There is a difference between ready and able. We see that the mindset or attitude of the Israelites was one of a people ready to engage in conflict. But that wasn’t God’s initial plan; He needed something far more significant from them than their physical muscle.

Though the Israelites left Egypt ready to take on the world, it had been almost 500 years since they had actually been in the rest of the world. For the past five centuries, they had lived entirely in Goshen—initially during the period of Egypt’s drought, then as slaves. The Israelites had no idea what lay beyond the boundaries of Egypt. Still, they were ecstatic from witnessing God’s hand against Egypt and exited their slavery with a certain level of esteem. Unfortunately, God knew this enthusiasm and confidence would be short-lived at first sight of conflict. God knew the Israelites needed something more than just a “quick win.” God knew they needed to mature their faith in Him.

The descendants of Ham inhabited Canaan, and these tribes were not docile—they would not allow the Israelites merely to walk in and conquer their land. No matter how invisible they felt at the moment, the Israelites were not yet a match for the Canaanites, and God didn’t want them to become discouraged and return to Egypt. Therefore, God guided the Israelites elsewhere instead of directing them along their destination’s shortest path.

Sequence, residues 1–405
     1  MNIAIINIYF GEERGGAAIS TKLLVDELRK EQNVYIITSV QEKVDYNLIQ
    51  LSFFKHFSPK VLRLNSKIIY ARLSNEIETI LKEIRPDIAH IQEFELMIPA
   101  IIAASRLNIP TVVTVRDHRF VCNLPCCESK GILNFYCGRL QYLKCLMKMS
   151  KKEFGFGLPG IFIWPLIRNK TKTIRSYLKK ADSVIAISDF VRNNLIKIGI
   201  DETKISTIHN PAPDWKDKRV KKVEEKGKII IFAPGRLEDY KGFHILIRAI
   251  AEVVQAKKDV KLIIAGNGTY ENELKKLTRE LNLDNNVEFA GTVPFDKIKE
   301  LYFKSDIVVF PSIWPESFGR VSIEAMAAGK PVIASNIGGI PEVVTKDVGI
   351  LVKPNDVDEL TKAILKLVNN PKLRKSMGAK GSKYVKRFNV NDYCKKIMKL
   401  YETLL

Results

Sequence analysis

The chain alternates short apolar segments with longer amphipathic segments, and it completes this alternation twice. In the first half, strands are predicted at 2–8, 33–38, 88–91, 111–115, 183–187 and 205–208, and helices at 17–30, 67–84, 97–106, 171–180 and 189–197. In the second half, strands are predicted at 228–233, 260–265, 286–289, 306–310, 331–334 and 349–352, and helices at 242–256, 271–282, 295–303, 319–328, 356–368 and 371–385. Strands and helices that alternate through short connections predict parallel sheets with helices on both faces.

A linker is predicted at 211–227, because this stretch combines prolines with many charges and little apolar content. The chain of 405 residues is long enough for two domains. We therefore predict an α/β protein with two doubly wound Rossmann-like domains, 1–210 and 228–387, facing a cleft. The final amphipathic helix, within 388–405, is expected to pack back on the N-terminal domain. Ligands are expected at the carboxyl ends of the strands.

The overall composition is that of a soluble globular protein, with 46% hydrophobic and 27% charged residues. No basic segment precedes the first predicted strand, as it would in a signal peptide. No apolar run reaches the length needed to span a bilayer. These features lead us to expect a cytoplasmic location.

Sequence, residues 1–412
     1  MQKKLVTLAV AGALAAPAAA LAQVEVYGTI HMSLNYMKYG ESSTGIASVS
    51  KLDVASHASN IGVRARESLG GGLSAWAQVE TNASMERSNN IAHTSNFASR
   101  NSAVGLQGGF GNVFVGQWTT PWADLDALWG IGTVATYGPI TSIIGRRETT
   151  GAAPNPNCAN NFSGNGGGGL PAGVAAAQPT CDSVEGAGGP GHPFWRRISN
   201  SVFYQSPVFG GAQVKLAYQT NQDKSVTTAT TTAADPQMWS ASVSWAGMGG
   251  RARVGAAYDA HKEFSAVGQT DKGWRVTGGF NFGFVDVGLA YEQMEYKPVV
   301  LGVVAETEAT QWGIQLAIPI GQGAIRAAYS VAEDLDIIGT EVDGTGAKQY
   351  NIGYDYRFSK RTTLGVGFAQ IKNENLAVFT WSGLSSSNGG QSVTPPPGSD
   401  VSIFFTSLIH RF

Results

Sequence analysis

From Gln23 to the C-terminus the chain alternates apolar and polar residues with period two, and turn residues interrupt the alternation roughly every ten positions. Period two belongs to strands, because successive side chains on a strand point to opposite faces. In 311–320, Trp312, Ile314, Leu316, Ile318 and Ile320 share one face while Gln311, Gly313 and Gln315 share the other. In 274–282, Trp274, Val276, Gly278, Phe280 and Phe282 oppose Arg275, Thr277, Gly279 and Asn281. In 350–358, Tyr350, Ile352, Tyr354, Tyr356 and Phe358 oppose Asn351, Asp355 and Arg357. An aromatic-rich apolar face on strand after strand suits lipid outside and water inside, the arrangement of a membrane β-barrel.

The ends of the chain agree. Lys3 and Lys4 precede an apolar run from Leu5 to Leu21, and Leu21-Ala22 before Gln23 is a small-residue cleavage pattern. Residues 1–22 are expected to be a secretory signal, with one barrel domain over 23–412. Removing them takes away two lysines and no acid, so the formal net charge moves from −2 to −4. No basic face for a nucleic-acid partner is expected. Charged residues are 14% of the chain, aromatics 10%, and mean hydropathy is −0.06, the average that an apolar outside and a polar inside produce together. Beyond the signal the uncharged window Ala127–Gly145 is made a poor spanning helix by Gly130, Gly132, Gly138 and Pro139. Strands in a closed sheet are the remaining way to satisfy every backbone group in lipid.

After two months of being on their journey, God lays His strategy before the Israelites (Exodus 23:27-31). Additionally, He informs them that His terror will drive out their opponents, not their strength. In some ways, perhaps, this was defeating to these nomads who had just witnessed the defeat of their owners. After all, the Israelites were ready for battle, yet they were being instructed not to fight. In other ways, they may have felt a sense of relief—God was going to continue His deliverance.

When facing our own battles, we, too, may share similar feelings. On the one hand, we want to charge and conquer, while on the other, we desire to rest. But, regardless of how we feel, we must realize that whether we fight or rest, it’s not our effort that ultimately wins the battle. Instead, it’s our faith in our Deliverer. Remember David’s response to Goliath? “You come to me with sword, spear, and javelin, but I come to you in the name of the Lord of Heaven’s Armies—the God of the armies of Israel, whom you have defiled.” (See 1 Samuel 17:45) David came ready for battle, but he knew that it was God who would give him victory. This is the type of faith God sought to cultivate in the Israelites; this is the type of faith He aims to produce in us. And while God could take us from start to finish in a straight line, He sometimes leads us in roundabout ways so that our faith in Him can have a chance to grow. We only need to be patient and not rush the process.

As Christians, we must always be on guard and ready to fight. However, we must realize that our faith is more precious than our might.